Items added to top of Computer Security Policy

I have report this before but it appears to have got lost and has never been fixed.

It has just happened again. A new entry to computer security policy has been added to the top of the list. This is no good as the application will bypass any group rules you have set up.

Latest 3.9 under vista Sp2 32 bit. Defence+ temporarily in paranoid mode to test something.

When using D+ in Paranoid mode all applications are listed separately at the top of the Computer Security window. This is by design.

It used to do it sometimes when not in paranoid mode. Maybe that has been fixed. I have not seen it for a while. I thought this was the old problem again.

It will do this in other modes by only if you answer a Defense+ alert to create the rule, all auto create rules are added at the bottom even if you are in Paranoid mode.
I presume it is done this way so you know the rules which you have created by answering a alert.

Aahh, now I have a question. Does the order of the list make a difference? I have resorted my list in alphabetical order. I have brought up some of the lower entries to the top (along with the original top entries) just to make the list easier to read. Have I messed things up? Now I’m Paranoid! ???

In that case it is very bad as it will bypass any group rules you have set up. I have group rules to stop all applications from doing certain things and this will not work if rules are added at the top.

The order of the rules is very important. The rules are searched down in order and it stops when you reach a match. If the application rule is above the group rule the group rule will not work. It does not matter if you do not have group rules.

Thanks for the reply. I just cleared my rules and started over (just to be sure). :wink:

There is a rule called All Applications, specifying program *. This rule, which I assume was autocreated at install or from the Proactive Security config, has Ask on all access rights. I have a rule for Firefox that blocks writes to protected files/folders except for writes to C:\Downloads. I tested with the All Applications rule both above and below the Firefox rule, and the Firefox rule takes precedence (Firefox displays an error for insufficient privileges, no D+ alert) in either case when I try to download an EXE to directory other than C:\Downloads.

I am very interested in knowing exactly how the D+ rules precedence works. Please revise your summary based on tests of CIS V3.9.95478.509.

Thanks for your help to forum members.

As far as I’m aware there is no precedence order for D+, although I stand to be corrected.

Unlike the firewall where the placement of an Allow or Block rule affects the behaviour of any given application or service, D+ groups all ‘permissions’ in a single entry. The entry will specify what the application or service can or cannot do in relation to other services/applications/system components etc.

There is a precedence order and it is important. When something monitored by defence+ occurs it starts at the top and looks down the list until it find the application or a group containing the application. If it finds a match it looks at the rules. If the rule says block or allow it stops. If it says ask it carries on looking down the list of application.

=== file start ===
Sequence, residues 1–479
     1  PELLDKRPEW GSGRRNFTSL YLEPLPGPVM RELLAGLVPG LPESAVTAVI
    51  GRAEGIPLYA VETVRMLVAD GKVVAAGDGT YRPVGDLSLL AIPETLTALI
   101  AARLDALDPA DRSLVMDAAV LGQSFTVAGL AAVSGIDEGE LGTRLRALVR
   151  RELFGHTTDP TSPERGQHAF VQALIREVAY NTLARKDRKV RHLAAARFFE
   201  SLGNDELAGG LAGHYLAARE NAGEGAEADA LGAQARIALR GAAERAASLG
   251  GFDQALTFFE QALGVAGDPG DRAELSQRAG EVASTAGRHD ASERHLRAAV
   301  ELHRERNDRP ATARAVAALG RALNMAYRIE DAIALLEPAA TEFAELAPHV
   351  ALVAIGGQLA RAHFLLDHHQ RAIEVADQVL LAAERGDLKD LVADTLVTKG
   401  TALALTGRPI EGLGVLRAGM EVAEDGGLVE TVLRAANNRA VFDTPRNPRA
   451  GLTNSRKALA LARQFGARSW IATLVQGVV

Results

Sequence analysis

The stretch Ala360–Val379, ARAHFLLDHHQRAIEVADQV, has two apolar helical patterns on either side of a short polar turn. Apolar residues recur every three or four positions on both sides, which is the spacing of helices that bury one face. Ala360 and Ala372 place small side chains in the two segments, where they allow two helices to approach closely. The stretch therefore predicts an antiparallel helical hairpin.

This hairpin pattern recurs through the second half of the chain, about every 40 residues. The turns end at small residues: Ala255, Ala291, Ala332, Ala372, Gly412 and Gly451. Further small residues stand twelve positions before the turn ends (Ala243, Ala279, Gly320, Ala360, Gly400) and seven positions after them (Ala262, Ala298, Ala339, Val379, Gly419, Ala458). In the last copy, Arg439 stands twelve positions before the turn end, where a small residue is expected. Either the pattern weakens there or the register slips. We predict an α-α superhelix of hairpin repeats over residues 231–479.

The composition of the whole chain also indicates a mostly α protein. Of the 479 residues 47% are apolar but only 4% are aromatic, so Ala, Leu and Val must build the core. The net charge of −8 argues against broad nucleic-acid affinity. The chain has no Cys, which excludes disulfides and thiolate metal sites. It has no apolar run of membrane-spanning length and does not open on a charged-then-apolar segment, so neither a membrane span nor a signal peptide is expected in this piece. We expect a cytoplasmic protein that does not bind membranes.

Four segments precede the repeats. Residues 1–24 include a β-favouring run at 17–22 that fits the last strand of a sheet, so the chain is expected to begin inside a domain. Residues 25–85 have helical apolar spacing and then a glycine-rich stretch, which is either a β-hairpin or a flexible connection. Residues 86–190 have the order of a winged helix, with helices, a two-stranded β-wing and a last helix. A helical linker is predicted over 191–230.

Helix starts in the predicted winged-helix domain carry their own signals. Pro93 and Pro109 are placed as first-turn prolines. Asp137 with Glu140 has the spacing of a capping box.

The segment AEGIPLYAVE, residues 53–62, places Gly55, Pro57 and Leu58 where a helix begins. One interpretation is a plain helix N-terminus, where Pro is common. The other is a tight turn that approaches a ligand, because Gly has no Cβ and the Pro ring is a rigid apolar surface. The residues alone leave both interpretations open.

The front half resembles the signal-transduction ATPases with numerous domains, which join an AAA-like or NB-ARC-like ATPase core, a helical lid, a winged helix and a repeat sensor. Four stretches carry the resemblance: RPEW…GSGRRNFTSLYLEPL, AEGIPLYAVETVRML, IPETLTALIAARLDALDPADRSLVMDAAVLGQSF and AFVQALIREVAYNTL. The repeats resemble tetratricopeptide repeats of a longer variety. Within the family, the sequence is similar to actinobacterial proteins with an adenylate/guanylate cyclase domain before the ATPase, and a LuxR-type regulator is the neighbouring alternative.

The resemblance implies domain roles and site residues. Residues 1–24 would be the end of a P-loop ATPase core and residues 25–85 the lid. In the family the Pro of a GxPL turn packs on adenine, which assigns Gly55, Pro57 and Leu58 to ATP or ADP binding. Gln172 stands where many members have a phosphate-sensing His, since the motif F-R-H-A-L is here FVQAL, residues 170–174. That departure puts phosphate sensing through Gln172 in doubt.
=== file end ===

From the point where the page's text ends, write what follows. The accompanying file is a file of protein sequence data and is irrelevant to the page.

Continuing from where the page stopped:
This enables you to set up group rules, such all the all applications group, where you can allow or block something for everything in the group. This only works if the group if above the individual application or it will use the individual applications rule which for safe applications is probably forced to be allow. This lets you have some control over safe applications.

I have a group called “dangerous applications” which contains web browsers and media players and similar and where I block certain very dangerous thing they should never be doing. It only works if the group rule is above the individual applications rules.

Thanks for the detail tcarrbrion. I have taken many of your strategies. There is often a tradeoff between security and usability. Your original thinking often improves on one of these while not reducing the other, which is a benefit to Comodo and users.

I can understand that CIS puts new rules from alert responses at the top. Otherwise, other rules sometimes would give different behavior than how the user responded to the alert, which would upset novice users. How about a CIS option for experienced users that specifies whether new rules created by alert responses go to the top or the bottom of the list?

With the current CIS behavior, the only way I see to use group rules without override is to create group rules without any default action of Ask, as this strategy prevents new rule creation for group members. The user can create groups of sorts by using the same predefined security policy for a number of apps, but one alert for an Ask rule will cause the policy to become customized. This prevents the user from making changes to the rules for a group or even seeing which apps belong to the group.

This info could be used in the justification for a new wish list item. I find better acceptance of new ideas if I summarize the situation and options concisely such that the option I offer is clearly an improvement.

I would like this.

I don’t mind this much. You can still see what is in the group and anything allowed or blocked in the group will not be affected by whatever is in the individual rule (as long as they are below the group).

The things set in the individual rules are likely to be less important things that you leave on ask. I see this as a small usability thing with no effect on protection. I think it is more important to be able to control safe application more easily.